How moms use tech: study
A report from Starcom MediaVest Group and Yahoo! shows how brands can help elevate daily routines and guide moms to be more receptive to using technology in the home.
Moms seem to have conflicting opinions about technology – they embrace it because it enables them to bring their family together (71%) and at the same time, they resent it for pulling them apart (52%). This is one of the key takeaways from Starcom MediaVest Group and Yahoo!’s global study that had the companies “navigating technology’s impact on family time” to discover a generation of “Brave New Moms.”
The study was revealed to the Canadian media industry last week, followed by a discussion detailing how Canuck moms feel about using computers, tablets and smartphones during family time.
During the year-long research process, the companies found that mothers categorize family time to be part of four distinct activities: everyday routines such as cleaning up, doing the laundry and grocery shopping; less frequent rituals that bring the family together such as a themed movie night; even more sporadic traditions such as Thanksgiving; and lastly the growing (and new) trend to relive special moments through the use of technology (such as photos and video on a camera and computer).
Brands and publishers alike have typically taken an efficiency-based approach when speaking to moms, says Lauren Weinberg, VP, research and insights, Yahoo!. The thinking has always been to provide step-by-step instructions that will help them to complete “routine” tasks quickly so that they can spend time with their family, she adds.
“The conversation is changing,” says Laura Krajecki, chief consumer officer, SMG. “It’s not just about getting things done quickly and connecting with digital devices to do so. It’s actually more differentiating for a brand to connect on the pauses that moms are trying to have, where there is that heightened consciousness.”
Adam Kruse, VP, global director, SMG shared ways that a brand can leverage the four activities to create a more meaningful experience for moms. Instead of speeding up the practice of cooking a family meal, a brand can introduce ways of using tech to give it more meaning. Kruse used the example of Kraft creating the mobile app “Big Fork, Little Fork” to provide moms with a tool to teach their children how to, for instance, crack an egg. “They went beyond quick recipes, they infused it with content that brings the family together,” he adds. “The idea is to help them elevate routines into rituals.”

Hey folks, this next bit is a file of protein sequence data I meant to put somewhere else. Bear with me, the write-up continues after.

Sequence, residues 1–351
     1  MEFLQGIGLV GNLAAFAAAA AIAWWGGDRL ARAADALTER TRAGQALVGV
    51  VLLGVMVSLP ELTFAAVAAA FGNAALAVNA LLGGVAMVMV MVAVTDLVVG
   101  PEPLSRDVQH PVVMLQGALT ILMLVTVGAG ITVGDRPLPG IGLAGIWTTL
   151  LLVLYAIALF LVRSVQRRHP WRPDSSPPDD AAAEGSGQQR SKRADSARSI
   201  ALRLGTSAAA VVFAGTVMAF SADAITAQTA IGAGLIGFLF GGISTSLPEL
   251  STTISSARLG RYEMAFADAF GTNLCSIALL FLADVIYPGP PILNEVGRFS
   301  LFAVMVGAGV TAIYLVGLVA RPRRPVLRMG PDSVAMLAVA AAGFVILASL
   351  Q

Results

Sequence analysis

“For traditions, moms are willing to adapt and modernize them so they can attain them in a different way,” he notes, using an example from Coke in China where the brand created the “First Coke of the Year” tradition where people could share happiness by gifting their loved ones with a “best wishes” neck tie around a Coke bottle during Chinese New Year celebrations. “Brands will leap on the one type of year (dragon, rabbit, etc.) and then the promotion ends,” he says. “But Coke wanted to create a platform that would extend that and adapt the tradition and modernize it.”
“Mom wants more meaningful family time and she’s not quite sure how to get it,” he adds. “We’ve seen examples of moms going in and doing it themselves, but they are also receptive to brands helping them.”
Those in countries such as the US and Canada are less receptive to technology having a consistent presence in the home than moms in emerging markets, notes Krajecki. “In developing countries, there is less guilt in using technology and less of a barrier of having too much tech in the family,” she adds. “Because there is more pride in their son or daughter figuring out how to use a smartphone. They’re looking at it as a currency for children to compete in a global economy.”
But Nick Drew, research director, Yahoo! Canada says that, particularly in Canada, the resistance to technology can at times be high. Canadian mothers are more traditional than their US counterparts, he says, adding that they prefer to spend time outside doing more tangible activities than playing games on a tablet or smartphone.
“In Canada there is a bit more reluctance and there is this feeling that additional tech makes life even more complicated and it gives them even less time with my family,” adds Drew. “That gives [brands] a useful understanding to really connect with Canadian mothers and guide them by telling them that it’s not about taking time away, but about adding to it.”